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|Title: ||Psychologists' Application of Clinical Guidelines and Recommended Protocols and Procedures within State Insurance Regulatory Authority Insurance Frameworks: Outcomes for Injured Patients with Musculoskeletal Injuries
||Contributor(s): ||Haider, Tahira (author); Dunstan, Debra A (author) ; Bhullar, Navjot (author)
||Publication Date: ||2018-12
||Handle Link: ||https://hdl.handle.net/1959.11/29752
||Fields of Research (FoR) 2008: ||170106 Health, Clinical and Counselling Psychology
||Fields of Research (FoR) 2020: ||520302 Clinical psychology
520105 Psychological methodology, design and analysis
|Socio-Economic Objective (SEO) 2008: ||920410 Mental Health
||Socio-Economic Objective (SEO) 2020: ||200409 Mental health
In 2010, the State Insurance Regulatory Authority (SIRA), which governs the regulatory functions of workers’ compensation insurance (WCI) and compulsory third‐party insurance (CTP) within NSW, implemented evidence‐based clinical guidelines to improve psychologists’ practice. The aims of this study were to determine (a) whether this initiative has reduced claims costs and improved injured patient outcomes and (b) whether it has resulted in psychologists using evidence‐based practice.
The first phase involved quantitatively determining a time‐range sample of WCI administrative records of patients with a musculoskeletal injury (n = 26,254) and musculoskeletal injury with a secondary psychological injury (n = 238). The second and third phases involved a qualitative content analysis of case‐level files belonging to individuals who had suffered a musculoskeletal injury with a secondary psychological injury under WCI (Phase 2) (n = 12) and CTP (Phase 3) (n, = 9).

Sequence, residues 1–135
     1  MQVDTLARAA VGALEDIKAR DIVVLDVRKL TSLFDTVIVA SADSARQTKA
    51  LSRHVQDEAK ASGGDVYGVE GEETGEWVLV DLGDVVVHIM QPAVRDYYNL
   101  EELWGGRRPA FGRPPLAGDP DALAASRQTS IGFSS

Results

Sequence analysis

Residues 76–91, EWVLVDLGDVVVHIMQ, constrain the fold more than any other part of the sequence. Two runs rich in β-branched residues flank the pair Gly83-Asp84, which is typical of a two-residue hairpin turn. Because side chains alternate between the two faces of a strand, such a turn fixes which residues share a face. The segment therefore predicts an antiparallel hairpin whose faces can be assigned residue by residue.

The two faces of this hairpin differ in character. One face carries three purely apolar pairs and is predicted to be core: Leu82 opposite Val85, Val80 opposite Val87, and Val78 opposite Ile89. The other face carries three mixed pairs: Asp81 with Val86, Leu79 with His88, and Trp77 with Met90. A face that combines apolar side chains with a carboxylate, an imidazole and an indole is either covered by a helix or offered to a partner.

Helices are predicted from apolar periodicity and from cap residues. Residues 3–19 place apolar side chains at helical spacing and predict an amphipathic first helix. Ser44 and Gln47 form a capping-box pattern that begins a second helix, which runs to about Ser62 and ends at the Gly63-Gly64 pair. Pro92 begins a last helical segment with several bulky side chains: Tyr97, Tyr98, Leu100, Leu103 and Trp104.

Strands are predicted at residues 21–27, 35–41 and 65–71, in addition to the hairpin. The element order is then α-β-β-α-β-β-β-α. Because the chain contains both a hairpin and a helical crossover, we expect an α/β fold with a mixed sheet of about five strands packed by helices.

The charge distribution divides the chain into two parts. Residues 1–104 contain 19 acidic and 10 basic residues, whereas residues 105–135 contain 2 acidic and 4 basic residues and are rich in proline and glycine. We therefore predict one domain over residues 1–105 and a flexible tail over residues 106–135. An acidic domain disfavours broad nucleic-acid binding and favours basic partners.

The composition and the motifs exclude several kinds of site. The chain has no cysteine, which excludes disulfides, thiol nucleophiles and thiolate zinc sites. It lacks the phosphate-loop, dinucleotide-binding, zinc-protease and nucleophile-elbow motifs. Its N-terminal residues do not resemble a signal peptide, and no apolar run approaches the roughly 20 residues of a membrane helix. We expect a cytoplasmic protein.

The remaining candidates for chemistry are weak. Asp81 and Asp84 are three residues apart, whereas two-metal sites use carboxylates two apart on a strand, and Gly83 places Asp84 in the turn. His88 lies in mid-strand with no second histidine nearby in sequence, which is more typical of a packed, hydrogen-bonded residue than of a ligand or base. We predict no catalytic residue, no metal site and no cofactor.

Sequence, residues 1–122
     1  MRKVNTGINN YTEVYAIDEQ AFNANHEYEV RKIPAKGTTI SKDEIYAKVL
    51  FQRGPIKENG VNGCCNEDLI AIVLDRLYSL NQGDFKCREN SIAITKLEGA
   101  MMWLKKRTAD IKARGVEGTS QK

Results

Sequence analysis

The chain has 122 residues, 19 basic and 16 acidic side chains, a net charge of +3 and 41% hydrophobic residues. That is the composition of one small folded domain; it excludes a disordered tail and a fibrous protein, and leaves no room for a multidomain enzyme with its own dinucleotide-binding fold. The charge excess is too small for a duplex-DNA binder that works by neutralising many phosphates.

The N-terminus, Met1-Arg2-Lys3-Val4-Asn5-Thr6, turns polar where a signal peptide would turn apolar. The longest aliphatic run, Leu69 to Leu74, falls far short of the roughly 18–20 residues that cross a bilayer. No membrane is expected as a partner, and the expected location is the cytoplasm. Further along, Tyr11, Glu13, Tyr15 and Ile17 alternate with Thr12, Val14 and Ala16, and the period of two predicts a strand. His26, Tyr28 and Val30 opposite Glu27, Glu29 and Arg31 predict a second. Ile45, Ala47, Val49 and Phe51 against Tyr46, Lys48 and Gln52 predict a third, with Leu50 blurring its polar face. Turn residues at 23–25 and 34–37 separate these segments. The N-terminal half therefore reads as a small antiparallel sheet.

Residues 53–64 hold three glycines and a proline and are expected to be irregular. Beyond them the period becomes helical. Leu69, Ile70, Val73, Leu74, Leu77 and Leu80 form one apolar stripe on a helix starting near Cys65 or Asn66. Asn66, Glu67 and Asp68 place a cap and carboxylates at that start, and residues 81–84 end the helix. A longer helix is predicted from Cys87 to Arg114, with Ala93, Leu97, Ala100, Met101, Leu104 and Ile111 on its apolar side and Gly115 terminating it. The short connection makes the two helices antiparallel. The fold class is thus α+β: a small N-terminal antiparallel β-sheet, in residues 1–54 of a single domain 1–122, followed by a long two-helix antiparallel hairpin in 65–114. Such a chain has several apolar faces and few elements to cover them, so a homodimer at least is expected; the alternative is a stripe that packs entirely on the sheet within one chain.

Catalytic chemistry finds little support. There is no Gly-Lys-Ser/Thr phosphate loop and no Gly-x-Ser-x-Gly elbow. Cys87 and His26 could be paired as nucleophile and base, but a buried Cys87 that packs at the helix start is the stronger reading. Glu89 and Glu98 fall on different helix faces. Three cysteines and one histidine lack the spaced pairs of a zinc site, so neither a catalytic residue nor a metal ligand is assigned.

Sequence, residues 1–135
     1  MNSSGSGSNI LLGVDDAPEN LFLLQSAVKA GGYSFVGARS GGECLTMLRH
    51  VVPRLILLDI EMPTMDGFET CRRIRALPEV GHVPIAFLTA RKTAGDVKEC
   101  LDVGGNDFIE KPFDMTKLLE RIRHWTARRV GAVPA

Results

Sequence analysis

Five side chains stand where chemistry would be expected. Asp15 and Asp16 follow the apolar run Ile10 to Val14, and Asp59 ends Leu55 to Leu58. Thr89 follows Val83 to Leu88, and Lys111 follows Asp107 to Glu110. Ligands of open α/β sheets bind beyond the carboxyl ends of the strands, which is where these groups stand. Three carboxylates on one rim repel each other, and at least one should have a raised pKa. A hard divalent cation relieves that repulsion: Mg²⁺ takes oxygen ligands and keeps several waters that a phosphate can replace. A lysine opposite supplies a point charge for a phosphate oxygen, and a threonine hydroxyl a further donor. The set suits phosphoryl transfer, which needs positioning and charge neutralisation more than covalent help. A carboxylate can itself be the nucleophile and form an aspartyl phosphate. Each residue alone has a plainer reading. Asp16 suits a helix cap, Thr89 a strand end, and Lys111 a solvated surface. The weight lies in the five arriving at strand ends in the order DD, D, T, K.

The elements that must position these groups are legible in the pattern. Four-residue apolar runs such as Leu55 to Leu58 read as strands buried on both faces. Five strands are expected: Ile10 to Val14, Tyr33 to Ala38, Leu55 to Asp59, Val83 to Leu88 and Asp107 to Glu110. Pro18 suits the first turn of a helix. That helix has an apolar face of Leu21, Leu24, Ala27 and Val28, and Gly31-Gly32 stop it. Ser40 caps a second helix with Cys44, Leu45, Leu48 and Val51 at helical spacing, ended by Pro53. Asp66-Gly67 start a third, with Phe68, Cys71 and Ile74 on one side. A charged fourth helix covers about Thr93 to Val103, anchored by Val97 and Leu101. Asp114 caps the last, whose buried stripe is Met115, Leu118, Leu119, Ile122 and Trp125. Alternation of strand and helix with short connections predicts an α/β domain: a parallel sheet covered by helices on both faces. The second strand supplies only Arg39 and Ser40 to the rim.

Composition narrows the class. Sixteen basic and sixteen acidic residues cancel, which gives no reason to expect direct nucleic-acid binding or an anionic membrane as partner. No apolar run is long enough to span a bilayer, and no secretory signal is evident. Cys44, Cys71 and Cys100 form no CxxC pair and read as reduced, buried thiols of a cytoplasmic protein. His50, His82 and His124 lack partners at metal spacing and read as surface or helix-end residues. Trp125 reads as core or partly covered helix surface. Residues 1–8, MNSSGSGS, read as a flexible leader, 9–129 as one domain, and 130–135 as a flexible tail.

The quantitative component revealed that the total claims costs and return to work timeframes for injured patients suffering from musculoskeletal injury with a secondary psychological injury remained unchanged following the implementation of the clinical guidelines. However, this contrasted with a significant increase of these measures for injured workers with only a musculoskeletal injury. The qualitative content analysis in Phases 2 and 3 of the study showed that psychologists’ application of treatment guidelines was suboptimal.
The implementation of the 2010 clinical guidelines for psychologists has led to beneficial outcomes for patients injured under the SIRA insurance frameworks; however, greater adherence by psychologists and strategies to improve the adoption of these guidelines are warranted.
|Publication Type: ||Journal Article
||Source of Publication: ||Australian Psychologist, 53(6), p. 517-529
||Publisher: ||Taylor & Francis
||Place of Publication: ||United Kingdom
|Peer Reviewed: ||Yes
||HERDC Category Description: ||C1 Refereed Article in a Scholarly Journal
|Appears in Collections:||Journal Article|
School of Health
School of Psychology
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